Hometown Hero Makes it Big in LA


Jonathan Newton

Jake Funk celebrating winning the state champsionship with Damascus High School.

Abby Homrock and Cole Vlasic

    NFL Rookie running back and Damascus native Jake Funk, a seventh-round draft pick for the Los Angeles Rams, broke through and found his way onto the field in his first game as a pro.

    Funk was introduced to the sport of football by his father, who had played collegiate football at Penn State University. Funk started his career at a young age, playing for the Damascus Cougars, his hometown recreational team. When asked about his youth football team, Funk said, “I started playing for the Damascus Cougars when I was six or seven and just fell in love with it.”

    Damascus, undoubtedly one of the biggest football towns in the state of Maryland. “The small town environment is unmatched especially at the high school level,” Funk said. The community showed unwavering support for Funk and saw his potential to be a star from day one. “I really appreciated the community support that I had at my time there, then as well as once my time there was over and I moved on.” Funk said being part of the community is, “special and something I will cherish.”

     Funk attended his hometown school, Damascus High School, which just so happened to have one of the best high school football programs in Maryland. During his junior year at Damascus, the Hornets made it all the way to the Maryland state championship, but lost in a close game. Although the team lost, there was redemption for the Hornets the following year. We made it to the Maryland state championship game again and Funk scored seven touchdowns for the win. “I was able to build a lot of relationships with guys that I grew up with that will last a lifetime.” Funk said. “And then on top of that being able to come back from my junior year where we lost in the state championship, then to win it my senior year, that was probably the most memorable thing for me.”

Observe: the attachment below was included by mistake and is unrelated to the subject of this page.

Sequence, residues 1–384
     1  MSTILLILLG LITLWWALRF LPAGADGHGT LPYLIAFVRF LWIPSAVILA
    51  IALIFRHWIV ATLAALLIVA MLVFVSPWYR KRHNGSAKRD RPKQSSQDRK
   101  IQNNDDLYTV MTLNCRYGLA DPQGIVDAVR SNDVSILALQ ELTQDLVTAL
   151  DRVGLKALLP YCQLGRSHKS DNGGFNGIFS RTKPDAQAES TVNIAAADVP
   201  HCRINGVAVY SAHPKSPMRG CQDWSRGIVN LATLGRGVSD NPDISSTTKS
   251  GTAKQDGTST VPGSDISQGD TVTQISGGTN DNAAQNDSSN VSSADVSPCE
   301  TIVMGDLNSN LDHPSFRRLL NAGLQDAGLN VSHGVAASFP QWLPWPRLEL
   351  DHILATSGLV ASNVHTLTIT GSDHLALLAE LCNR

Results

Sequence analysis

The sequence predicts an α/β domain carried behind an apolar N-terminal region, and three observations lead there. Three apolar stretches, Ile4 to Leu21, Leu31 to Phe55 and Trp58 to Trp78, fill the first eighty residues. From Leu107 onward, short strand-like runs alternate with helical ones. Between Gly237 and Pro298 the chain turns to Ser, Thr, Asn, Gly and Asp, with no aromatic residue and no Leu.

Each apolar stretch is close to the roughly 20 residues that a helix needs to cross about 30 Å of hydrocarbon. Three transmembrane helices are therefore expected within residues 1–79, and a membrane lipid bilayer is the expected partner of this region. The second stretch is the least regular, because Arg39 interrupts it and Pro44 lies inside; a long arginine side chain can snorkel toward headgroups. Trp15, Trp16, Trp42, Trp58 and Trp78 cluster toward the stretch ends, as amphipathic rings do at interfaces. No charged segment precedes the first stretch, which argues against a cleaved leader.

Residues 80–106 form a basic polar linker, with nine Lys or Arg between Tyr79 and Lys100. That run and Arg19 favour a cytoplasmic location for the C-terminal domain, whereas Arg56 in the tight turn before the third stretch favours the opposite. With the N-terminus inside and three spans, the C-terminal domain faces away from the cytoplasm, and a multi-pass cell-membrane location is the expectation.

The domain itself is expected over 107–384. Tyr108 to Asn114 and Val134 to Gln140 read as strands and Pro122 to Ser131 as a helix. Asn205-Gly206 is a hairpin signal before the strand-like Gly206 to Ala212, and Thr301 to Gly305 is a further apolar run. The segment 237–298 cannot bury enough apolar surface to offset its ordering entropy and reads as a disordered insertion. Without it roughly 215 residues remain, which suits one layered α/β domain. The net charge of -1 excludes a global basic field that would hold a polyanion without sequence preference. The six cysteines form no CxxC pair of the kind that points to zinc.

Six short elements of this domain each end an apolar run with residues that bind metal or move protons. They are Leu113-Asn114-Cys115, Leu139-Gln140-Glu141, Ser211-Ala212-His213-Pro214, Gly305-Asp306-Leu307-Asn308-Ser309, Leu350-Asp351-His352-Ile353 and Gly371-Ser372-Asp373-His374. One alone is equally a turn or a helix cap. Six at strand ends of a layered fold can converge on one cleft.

Funk also stood out his senior year when he won the Gatorade Maryland player of the year in 2015, an award given to the best high school player in Maryland every year. Also during his senior year, Funk finished that special season scoring over 50 touchdowns and rushing for over 2,000 yards. He looked unstoppable. Although the numbers attached to his name were impressive and strong, he was only listed as a two-star college recruit. “It was tough coming out of high school even though I had a lot of production. A lot of college coaches didn’t see me as a college prospect,” he said when addressing his recruiting process. “It allowed me to have a chip on my shoulder and gave me some incentive to go out and prove myself right.”

The Hornet Becomes a Terp

    Offers to play at the higher level started to roll through at the end of his junior year in high school and by senior year he had a whopping total of 16 offers. Although they were offers to play at the next level, Funk said that “Most of them were Ivy League schools, Military Academies, Conference U.S.A. schools and very little power 5’s.” When reflecting on his offers, Funk stated, “I got an offer from Wisconsin to play linebacker there, I was seriously telling my parents I was going to commit to Wisconsin.”

Jake Funk playing in a game during his time at the University of Maryland. (Jesse Johnson)

  Although it seemed like his decision was already made, Funk was camping with Stanford trying to receive a running back offer. “They had Christian McCaffrey at the time, so I knew that they would be accustomed to having a guy like me playing running back,” Funk said. Sadly, the spots at Stanford filled up which left Funk empty handed, having to look for other options. Although he had a high interest in Wisconsin, the university already had three committed linebackers in his graduating class. With all of these hardships, Funk decided to continue his football career at the University of Maryland. In the end, he was glad to be done with this whole ordeal. “I was sick and tired with the recruiting process,” he said.

  Funk stated that his offer to play at Maryland was “an opportunity I couldn’t pass up.” He also thought that Mike Locksley, University of Maryland football head coach, believed that he would be successful. As if the situation couldn’t get any better, he talked about how close to home he would be, “If I needed anything no matter what, my parents are just a phone call away,” he said. “It just made life a lot easier for me.” Funk played every game his freshman and sophomore year, mostly on special teams. Funk started to endure injuries starting in his junior year of college. The injury list just started getting longer, including a fractured hand and a torn ACL.